“It was a very good sign that Warren bought Apple. Either he’s gone crazy or is learning. I prefer to think he’s learning.”
— Charlie Munger, Berkshire Hathaway Annual Meeting 2017
A recent issue of The Economist (May 6, 2017) had a cover story titled, “The world’s most valuable resource...”– data – which the magazine called “the oil of the digital era”. It went on to state: “Machine learning will extract more value from data...This abundance of data changes the nature of competition. Technology giants have always benefited from network effects...With data there are extra network effects. By collecting more data, a firm has more scope to improve its products, which attracts more users, generating even more data, and so on...Vast pools of data can thus act as protective moats.”
Mr Buffett noted at the recent Berkshire Hathaway Annual Meeting: “The five largest US market cap companies are $2.5 trillion, close to 10% of the US market. One could run them with no equity capital at all. It’s a very different world than Carnegie’s steel mills and Rockefeller’s tank cars.”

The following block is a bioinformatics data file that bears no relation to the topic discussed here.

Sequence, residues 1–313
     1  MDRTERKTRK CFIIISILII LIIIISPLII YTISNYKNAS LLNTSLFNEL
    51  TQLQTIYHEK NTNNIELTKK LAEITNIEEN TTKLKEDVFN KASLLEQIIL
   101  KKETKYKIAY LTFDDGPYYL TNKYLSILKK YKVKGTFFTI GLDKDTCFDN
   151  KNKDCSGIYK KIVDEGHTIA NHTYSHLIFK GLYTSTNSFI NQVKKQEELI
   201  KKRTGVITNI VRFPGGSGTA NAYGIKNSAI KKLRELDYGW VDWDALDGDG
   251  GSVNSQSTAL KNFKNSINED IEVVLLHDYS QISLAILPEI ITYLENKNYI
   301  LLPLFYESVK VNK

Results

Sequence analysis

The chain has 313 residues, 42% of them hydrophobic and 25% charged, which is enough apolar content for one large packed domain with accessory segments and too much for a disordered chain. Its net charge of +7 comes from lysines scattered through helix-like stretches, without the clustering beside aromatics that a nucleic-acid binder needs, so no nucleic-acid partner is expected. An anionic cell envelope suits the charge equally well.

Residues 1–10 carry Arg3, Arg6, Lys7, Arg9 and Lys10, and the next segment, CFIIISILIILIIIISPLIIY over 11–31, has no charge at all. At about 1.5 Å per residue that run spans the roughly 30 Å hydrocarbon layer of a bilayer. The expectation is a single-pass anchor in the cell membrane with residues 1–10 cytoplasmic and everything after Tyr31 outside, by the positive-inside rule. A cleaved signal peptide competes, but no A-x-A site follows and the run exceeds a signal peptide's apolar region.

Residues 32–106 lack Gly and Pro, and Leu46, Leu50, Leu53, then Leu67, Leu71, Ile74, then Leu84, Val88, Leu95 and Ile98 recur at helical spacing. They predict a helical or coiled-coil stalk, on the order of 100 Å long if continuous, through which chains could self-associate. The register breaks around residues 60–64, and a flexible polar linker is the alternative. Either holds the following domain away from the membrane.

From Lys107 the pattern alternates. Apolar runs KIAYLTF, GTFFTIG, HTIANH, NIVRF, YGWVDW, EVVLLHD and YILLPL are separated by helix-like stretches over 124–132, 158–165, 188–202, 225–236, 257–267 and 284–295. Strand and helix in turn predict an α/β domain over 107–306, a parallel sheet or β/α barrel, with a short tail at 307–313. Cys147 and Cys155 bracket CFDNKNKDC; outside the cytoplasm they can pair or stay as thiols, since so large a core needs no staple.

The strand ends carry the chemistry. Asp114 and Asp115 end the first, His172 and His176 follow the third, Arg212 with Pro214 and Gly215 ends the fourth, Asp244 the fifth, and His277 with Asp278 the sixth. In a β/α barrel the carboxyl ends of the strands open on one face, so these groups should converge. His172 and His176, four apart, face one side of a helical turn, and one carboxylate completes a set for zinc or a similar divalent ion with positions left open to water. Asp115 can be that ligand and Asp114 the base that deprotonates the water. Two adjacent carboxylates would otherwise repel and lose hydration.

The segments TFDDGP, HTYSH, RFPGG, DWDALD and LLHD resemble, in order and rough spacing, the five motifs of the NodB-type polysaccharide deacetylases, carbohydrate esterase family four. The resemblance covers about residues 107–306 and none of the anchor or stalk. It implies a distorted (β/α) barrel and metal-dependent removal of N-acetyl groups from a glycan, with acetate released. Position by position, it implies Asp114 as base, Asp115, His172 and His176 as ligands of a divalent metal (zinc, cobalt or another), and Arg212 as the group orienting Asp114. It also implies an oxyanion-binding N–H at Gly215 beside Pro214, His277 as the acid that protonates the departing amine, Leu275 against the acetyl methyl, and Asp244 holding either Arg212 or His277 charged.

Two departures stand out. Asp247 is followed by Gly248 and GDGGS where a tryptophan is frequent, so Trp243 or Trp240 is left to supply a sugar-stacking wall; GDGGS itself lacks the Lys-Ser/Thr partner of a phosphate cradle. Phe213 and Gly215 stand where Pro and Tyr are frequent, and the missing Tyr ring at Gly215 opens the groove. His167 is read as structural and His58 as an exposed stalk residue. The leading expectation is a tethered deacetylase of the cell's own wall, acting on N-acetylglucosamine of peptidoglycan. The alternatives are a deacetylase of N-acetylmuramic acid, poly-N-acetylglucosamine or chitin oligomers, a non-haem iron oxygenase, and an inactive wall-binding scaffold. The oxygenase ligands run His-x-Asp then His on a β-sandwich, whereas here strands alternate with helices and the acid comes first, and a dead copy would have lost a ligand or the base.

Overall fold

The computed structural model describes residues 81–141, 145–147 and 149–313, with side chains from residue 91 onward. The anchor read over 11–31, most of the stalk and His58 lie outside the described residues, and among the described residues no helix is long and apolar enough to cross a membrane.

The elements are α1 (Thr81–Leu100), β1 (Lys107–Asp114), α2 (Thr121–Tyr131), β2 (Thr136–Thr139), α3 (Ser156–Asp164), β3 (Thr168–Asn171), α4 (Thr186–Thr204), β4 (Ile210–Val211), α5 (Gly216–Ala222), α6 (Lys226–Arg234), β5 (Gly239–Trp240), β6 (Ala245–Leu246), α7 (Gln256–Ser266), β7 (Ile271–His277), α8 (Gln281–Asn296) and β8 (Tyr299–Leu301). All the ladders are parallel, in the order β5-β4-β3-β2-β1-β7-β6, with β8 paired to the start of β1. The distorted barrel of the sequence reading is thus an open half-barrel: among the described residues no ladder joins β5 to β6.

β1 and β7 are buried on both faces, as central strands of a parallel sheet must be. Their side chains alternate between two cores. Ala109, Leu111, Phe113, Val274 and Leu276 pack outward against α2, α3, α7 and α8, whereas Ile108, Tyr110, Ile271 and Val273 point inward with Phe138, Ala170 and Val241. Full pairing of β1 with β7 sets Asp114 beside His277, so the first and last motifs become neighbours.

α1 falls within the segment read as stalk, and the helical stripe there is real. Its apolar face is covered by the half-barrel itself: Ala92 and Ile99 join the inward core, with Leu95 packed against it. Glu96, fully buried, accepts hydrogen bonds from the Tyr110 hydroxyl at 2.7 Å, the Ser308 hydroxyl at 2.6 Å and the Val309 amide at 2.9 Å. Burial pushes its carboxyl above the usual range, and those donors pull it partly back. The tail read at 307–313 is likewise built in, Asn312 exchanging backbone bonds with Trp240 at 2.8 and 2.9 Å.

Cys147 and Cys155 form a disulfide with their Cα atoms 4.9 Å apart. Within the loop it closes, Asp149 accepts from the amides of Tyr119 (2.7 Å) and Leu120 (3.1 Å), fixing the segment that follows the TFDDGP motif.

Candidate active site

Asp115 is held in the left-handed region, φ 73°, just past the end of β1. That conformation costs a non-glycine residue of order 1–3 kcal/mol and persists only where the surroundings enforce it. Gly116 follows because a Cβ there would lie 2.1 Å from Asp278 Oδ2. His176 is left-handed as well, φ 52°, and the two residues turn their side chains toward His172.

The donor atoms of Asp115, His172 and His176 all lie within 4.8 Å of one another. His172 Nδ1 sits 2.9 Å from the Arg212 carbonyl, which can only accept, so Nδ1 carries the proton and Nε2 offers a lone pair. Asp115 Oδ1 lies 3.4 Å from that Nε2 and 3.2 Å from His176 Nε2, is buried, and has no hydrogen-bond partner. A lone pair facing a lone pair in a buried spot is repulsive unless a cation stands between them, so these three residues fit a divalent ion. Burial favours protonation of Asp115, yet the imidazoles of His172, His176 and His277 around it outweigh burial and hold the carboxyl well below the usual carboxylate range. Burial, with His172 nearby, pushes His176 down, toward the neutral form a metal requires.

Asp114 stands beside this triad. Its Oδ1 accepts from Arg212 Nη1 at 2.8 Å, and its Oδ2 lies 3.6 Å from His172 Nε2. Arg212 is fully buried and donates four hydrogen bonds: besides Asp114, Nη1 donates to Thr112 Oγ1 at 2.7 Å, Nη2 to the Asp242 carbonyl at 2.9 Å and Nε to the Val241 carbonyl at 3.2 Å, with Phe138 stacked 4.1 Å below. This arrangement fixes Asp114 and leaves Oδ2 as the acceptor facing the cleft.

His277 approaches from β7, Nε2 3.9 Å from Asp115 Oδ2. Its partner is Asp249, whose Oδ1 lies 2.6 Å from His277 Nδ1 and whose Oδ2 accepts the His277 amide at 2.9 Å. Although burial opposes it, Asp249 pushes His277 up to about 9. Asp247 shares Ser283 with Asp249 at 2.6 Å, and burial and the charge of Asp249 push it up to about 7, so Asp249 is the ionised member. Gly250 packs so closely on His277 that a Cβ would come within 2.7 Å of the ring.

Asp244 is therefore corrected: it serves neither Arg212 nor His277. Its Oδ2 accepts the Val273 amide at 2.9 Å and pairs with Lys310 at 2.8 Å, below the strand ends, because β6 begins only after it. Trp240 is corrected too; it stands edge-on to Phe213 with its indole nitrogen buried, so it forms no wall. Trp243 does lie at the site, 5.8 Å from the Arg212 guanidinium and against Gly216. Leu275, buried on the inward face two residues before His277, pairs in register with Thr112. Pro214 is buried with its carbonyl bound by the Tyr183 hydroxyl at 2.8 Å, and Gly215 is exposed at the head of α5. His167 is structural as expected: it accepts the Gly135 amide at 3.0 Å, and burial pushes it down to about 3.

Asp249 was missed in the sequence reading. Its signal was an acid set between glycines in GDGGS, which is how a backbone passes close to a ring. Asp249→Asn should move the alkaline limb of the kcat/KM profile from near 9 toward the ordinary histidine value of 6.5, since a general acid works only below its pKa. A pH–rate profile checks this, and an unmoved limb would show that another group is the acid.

So, how different are the moats and the economics in this world – the world of the Apples, Amazons and Googles – from those of the past century on which much of our understanding of competitive advantage and strategy is based?
Go back to an article in the April 2016 issue of the Harvard Business Review titled, “Pipelines, Platforms and the New Rules of Strategy”. The authors distinguish between conventional “pipeline” businesses that have been dominant for a long time and whose value creation can be understood by examining the value chain, versus technology-based “platform” businesses which facilitate interactions between participants and increase their value as the network grows. Modern “platform” businesses rely extensively on information technology that reduces the need to own physical infrastructure, makes scaling up relatively simpler and cheaper and enhances the ability to capture, analyse and exchange large amounts of data that increases the platform’s value.
Some businesses, as will be seen later when analysing Apple, have both “pipelin